Ronald McProject Manager: The Danger of Assumption
If you have trouble picturing the person I’m describing in this post, refer to this picture. It’s pretty accurate.
“Did your doctor tell you to stop being a crazy person and stop working out so much?” My curly red-haired, rosy cheeked, makeup-caked project manager sneered. It was her attempt at a joke, but it was actually a veiled insult.
“No, you nightmarish happy-meal clown,” I thought. “He told me that there’s actually one type of hemorrhoid that’s more uncomfortable than you.”
“No,” I actually responded. “He told me I’m one of his healthiest patients.” She grimaced and walked away, clearly not getting the satisfaction she’d wanted.
Let me back up and set the stage. There was so much going on at this time in my life that it probably warrants a few posts (we’ll see). The main thing was that it was a time of incredible focus and incredible uncertainty.
Days earlier, the man who had hired me as Safety Manager on a multi-site project had been walked off site. There’s still a bit of mystery in that story (he’s never told me the full version), but that’s a tale for another time. In his stead, an “expert” had been brought in to temporarily reign in his rouge staff. I was one of those unfortunate souls.
Assuming makes an… well you know
Let’s call my surrogate PM Maureen. Not (necessarily) because that name has any similarity to her real one, but because it closely relates to one of the antagonists in the sage show Rent (God knows she wore enough makeup). She was one of those managers whose only claim to fame was that she had been a “manager” for a really, really, f^#$ing really long time. Her opinions (judgments really) were a direct reflection of that.
Without knowing the state of anything, Maureen came to our site with preconceived notions about everything. It was a tense few weeks. For me that period was compounded by the fact that I was on the downward slope of more than 20 weeks of an intense training and diet regimen leading to my first (and only) bodybuilding competition.
It’s a lifestyle that I still lend a whole lot of respect toward. For me, the result was less than optimal and I learned that it wasn’t enough of a passion of mine to continue. But, nonetheless, I was in my final weeks of prep at that point and was laser-focused.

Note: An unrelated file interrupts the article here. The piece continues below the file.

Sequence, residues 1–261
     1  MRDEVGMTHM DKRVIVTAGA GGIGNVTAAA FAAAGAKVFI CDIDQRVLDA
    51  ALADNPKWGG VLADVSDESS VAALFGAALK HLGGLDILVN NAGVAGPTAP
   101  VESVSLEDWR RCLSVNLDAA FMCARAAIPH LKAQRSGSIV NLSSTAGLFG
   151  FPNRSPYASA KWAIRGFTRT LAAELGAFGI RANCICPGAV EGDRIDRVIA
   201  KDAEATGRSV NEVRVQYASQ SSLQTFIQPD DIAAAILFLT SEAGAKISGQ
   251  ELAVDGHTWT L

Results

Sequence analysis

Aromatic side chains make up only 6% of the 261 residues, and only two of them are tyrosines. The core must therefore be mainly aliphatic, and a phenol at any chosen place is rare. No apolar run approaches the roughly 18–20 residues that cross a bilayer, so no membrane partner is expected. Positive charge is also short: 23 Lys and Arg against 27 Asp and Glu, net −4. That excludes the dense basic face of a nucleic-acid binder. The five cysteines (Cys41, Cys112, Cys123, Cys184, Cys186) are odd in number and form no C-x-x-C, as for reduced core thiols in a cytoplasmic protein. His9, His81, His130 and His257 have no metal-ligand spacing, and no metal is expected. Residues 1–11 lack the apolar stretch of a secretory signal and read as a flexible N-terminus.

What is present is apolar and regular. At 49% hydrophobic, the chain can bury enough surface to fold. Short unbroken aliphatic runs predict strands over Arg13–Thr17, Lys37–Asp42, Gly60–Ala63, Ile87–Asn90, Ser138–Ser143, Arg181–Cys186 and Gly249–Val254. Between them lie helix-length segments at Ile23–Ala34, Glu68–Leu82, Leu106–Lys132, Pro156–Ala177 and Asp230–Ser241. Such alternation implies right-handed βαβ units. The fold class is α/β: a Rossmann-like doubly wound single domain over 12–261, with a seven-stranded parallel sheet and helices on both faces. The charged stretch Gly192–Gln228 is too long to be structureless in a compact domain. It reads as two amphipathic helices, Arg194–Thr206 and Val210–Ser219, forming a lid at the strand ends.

Maureen just thought I was a crazy person.
People don’t like what they can’t understand
Maureen didn’t understand me. She wasn’t willing to about hear the struggles our team had been having with the client. Her outlook was singularly focused. The report she had been given said management (at the site) was a problem, and she was there to correct it. My “obsession” with working out only reinforced her position.
Of course, all of the ancillary factors that contributed to that time and place had an affect, but it was wrong of her to judge based on the reports of a few or just a list of assumptions in her head. Sure we had problems on that site, but preconceived notions and heavy-handedness solved none of them.
I’m purposely not giving you a lot of detail about what, when, or how in this case. And I’m doing it to make a point. Shading the story with my opinion would shade your belief about what was right or wrong in that scenario. Those two choices (right and wrong) are personal, but so often we rely on others to provide our opinions for us.
Look, Listen, and Feel…
Anyone who has taken an American Heart Association First Aid course has heard those words. Those are the first steps in assessing a victim in order to determine if CPR is an appropriate course of action. So often in business we rush in (figuratively) and start providing CPR when the victim is conscious and breathing. That’s what Maureen did.
The next time you’re presented with a problem in your organization, take a beat. Look around. Listen to what everyone is saying. Feel out the culture to determine the correct course of action. Otherwise you’ll end up giving mouth-to-mouth to a very disgruntled, unwilling participant.
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